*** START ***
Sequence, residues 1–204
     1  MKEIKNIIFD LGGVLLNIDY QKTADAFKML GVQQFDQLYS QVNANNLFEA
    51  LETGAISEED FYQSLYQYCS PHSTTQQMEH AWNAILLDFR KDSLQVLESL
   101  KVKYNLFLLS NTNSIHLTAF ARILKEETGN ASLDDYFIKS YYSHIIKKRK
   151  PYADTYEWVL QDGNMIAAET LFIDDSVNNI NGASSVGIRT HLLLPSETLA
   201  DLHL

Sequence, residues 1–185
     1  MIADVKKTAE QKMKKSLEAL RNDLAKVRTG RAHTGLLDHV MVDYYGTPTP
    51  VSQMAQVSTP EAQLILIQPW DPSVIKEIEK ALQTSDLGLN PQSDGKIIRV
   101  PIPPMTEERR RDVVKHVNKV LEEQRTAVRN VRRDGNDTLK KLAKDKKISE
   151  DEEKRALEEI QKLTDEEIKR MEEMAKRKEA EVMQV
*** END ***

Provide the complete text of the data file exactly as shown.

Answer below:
Sequence, residues 1–204
     1  MKEIKNIIFD LGGVLLNIDY QKTADAFKML GVQQFDQLYS QVNANNLFEA
    51  LETGAISEED FYQSLYQYCS PHSTTQQMEH AWNAILLDFR KDSLQVLESL
   101  KVKYNLFLLS NTNSIHLTAF ARILKEETGN ASLDDYFIKS YYSHIIKKRK
   151  PYADTYEWVL QDGNMIAAET LFIDDSVNNI NGASSVGIRT HLLLPSETLA
   201  DLHL

Sequence, residues 1–185
     1  MIADVKKTAE QKMKKSLEAL RNDLAKVRTG RAHTGLLDHV MVDYYGTPTP
    51  VSQMAQVSTP EAQLILIQPW DPSVIKEIEK ALQTSDLGLN PQSDGKIIRV
   101  PIPPMTEERR RDVVKHVNKV LEEQRTAVRN VRRDGNDTLK KLAKDKKISE
   151  DEEKRALEEI QKLTDEEIKR MEEMAKRKEA EVMQV